Scott Cleary

I obtained a Bachelor's degree from Southern Illinois University in Carbondale. I have worked as an aquatic technician with the Sport Fish Ecology Lab since 2010. I love working with fish every day and helping with the research that ultimately leads us to effective conservation methods. I also assist the Illinois Department of Natural Resources (IDNR) Fisheries Division with their river and stream surveys, primarily focusing on small rivers and their tributaries.



Justin Rondon
Pond Site Coordinator

I began my affiliation with Illinois Natural History Survey’s SFEL in 2011, where I worked during the summer at the INHS Pond Site helping with pond draining, animal care, pond site maintenance, and data collection. Over the years, my involvement has increased steadily, and I have had the pleasure of assisting in much of our lab’s current research, specifically our largemouth bass behavioral and physiological research. I now serve as our Pond Site Coordinator, managing site operations and keeping our fish habitats healthy. I also serve as the primary caregiver for our on-site dog, Bandit — his job is to keep away predators to our fish and he’s a riot. Throughout my time here I have developed an interest in telemetric application to mapping species movement patterns and spatial distribution, as well as aquatic science, particularly the limnology of small pond ecosystems. I also like running around with our action cameras, trying to capture our work in progress and anything else of captive interest. (A GoPro on a stick in a pond can yield interesting, nay, amazing footage!) I spend my spare time composing original music, producing audio/visual media, and musing philosophically.


david phillipp

Dr. David P. Philipp
Principal Scientist, Emeritus

Dr. David Philipp's research interests focus on three major areas: conservation genetics, reproductive ecology, and the effects of fishing on natural populations. His findings have helped to document the negative impacts of outbreeding depression that can result from hatchery stocking programs, as well as to illustrate the evolutionary effects that fishing can have on natural populations. Much of his research has targeted centrarchid species, particularly focusing on the factors that impact their parental care activities, reproductive success, and annual recruitment. In recent years, Dr. Philipp has broadened his interest in these research topics to include the marine flats ecosystem, studying bonefish reproductive behaviors and the effects of recreational angling on post-release behavior and survival of flats fishes.

Dr. Philipp teamed with Orvis on a short video clip about how bass move with the seasons. View that clip here.



Julie E. Claussen
Research Scientist

I began working at the Natural History Survey in 1984, and after a short stint working on stream ecology projects, I joined the fish genetics laboratory working on the conservation of native fish populations. Over the years, my interests in fish and fisheries research have evolved to include the reproductive life history of centrachids, sustainable fisheries practices and management, and the impact humans have on sport fish populations. Many of the studies I am involved with focus on the effects of recreational fishing, including its impact on reproductive activities, reproductive success, recruitment, post-release behavior and survival. Another large area of focus is the long-term effect of fisheries management stocking practices and outbreeding depression in fish populations. In more recent years, I have worked on new methods for fisheries outreach and education, recognizing the need for scientists to engage with the natural resource constituents.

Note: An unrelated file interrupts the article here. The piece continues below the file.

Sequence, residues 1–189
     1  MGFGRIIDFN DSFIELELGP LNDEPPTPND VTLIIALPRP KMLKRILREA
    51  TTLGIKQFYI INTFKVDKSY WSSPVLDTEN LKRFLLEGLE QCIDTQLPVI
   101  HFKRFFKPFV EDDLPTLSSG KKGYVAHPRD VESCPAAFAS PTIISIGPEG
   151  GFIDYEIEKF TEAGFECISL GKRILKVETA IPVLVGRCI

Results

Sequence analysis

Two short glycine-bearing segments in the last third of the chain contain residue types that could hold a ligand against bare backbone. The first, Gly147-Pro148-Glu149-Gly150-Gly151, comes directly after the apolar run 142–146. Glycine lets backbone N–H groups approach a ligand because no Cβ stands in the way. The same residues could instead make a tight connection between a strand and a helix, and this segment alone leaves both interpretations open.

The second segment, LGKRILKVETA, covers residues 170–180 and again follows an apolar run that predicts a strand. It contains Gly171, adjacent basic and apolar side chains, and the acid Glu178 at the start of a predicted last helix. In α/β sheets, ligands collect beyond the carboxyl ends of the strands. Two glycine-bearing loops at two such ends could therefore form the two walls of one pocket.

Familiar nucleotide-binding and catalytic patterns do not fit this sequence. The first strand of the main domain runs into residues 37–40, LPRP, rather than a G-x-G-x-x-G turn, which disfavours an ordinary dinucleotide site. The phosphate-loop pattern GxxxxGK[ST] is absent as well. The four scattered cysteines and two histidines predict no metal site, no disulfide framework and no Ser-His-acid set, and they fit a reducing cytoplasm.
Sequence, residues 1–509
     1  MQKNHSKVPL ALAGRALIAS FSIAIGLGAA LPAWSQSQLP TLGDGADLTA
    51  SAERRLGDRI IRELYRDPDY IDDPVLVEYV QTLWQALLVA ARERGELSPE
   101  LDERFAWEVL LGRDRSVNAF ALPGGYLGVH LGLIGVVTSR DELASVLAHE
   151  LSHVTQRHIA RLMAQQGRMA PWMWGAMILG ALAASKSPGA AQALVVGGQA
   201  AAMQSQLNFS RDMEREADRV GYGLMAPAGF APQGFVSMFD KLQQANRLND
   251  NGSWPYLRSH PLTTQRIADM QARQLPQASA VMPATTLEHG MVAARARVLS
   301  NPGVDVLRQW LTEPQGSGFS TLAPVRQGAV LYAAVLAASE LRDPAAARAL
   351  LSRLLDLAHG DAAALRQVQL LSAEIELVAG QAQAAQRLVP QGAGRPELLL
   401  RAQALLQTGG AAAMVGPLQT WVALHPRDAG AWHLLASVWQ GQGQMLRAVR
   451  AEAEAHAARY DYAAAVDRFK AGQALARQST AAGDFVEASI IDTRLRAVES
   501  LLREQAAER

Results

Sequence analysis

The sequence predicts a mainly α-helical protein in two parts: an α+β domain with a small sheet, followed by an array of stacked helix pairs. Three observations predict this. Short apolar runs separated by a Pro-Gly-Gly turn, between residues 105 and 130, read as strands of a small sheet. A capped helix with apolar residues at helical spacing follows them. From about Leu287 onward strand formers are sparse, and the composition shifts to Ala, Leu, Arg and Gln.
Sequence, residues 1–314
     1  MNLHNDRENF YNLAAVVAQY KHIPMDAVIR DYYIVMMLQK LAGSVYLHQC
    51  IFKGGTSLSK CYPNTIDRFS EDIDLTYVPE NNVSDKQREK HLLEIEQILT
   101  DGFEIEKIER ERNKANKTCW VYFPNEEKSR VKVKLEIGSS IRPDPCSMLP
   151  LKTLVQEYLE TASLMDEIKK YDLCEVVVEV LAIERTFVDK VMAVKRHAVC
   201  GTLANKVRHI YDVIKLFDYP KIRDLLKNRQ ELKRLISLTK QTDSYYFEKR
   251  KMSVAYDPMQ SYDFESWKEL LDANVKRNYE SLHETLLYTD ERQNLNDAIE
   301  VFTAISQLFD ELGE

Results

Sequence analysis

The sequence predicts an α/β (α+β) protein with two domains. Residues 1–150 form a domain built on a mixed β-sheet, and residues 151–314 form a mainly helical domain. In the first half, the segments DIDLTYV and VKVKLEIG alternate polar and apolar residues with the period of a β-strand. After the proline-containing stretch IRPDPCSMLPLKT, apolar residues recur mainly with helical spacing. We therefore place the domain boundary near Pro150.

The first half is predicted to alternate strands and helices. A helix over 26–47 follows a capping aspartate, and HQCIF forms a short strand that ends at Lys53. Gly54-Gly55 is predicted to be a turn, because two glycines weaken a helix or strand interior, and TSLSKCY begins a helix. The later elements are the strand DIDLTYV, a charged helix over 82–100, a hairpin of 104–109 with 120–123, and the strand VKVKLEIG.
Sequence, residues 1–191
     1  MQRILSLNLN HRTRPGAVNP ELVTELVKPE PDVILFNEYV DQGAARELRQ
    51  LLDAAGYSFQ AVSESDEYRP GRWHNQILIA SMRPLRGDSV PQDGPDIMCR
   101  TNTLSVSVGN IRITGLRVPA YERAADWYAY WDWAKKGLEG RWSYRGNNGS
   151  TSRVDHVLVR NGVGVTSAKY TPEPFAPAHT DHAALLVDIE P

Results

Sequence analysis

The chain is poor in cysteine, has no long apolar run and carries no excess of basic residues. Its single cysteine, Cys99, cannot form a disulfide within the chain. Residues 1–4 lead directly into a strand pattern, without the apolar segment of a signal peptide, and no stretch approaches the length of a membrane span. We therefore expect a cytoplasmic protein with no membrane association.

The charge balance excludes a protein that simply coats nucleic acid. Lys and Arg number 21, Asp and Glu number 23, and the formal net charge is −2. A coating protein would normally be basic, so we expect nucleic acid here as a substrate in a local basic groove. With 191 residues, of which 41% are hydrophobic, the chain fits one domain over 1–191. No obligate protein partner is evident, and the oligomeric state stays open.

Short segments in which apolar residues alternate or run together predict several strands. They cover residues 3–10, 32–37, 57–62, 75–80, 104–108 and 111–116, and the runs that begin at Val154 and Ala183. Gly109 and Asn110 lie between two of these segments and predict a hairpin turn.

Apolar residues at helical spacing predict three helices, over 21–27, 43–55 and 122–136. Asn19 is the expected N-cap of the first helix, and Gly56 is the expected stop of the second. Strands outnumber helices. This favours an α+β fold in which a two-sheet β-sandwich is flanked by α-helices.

Kimberly Stanhope
Outreach Coordinator

As the outreach coordinator at the Illinois Natural History Survey for the Sport Fish Ecology Lab, my work focuses on providing outreach communication  to anglers via the SFEL and IFishIllinois websites and through social media outlets, as well as at fisheries-related conferences. I take scientifically written information and transform it into easily understood rhetoric for public consumption. As the content manager for the IFishIllinois website, our goal is to provide Illinois anglers with timely and relevant information regarding fishery-related information in Illinois — IDNR press releases, season start dates, new regulations, tournament information, etc.

Visit and follow us on Facebook and Twitter, too!



Thomasine McNamara

I began working at the Illinois Natural History Survey in 2000 as an hourly assistant. In 2002, I became a database manager and webmaster. I have been working on the IFishIllinois website since 2003 as the webmaster and am an integral part of Sport Fish Ecology Lab team.


Lynnette Miller-Ishmael, Data Coordinator
Bob Illyes, Research Programmer
Sarah Molinaro, Undergraduate Student
Ryan Solomon, Undergraduate Student


Each field season, our lab provides internships to undergraduate students to gain valuable experience in fisheries field ecology. Through our collaboration with the Illinois Department of Natural Resources Division of Fisheries, we place students side by side with professional fisheries managers to assist with extensive field sampling of fish populations throughout Illinois. Our interns gain valuable, real-world experience in fisheries ecology and are an important part of many of the fisheries research and management activities throughout the state of Illinois.

If you're interested in learning more about becoming an intern for our Lab, please contact Sarah Huck at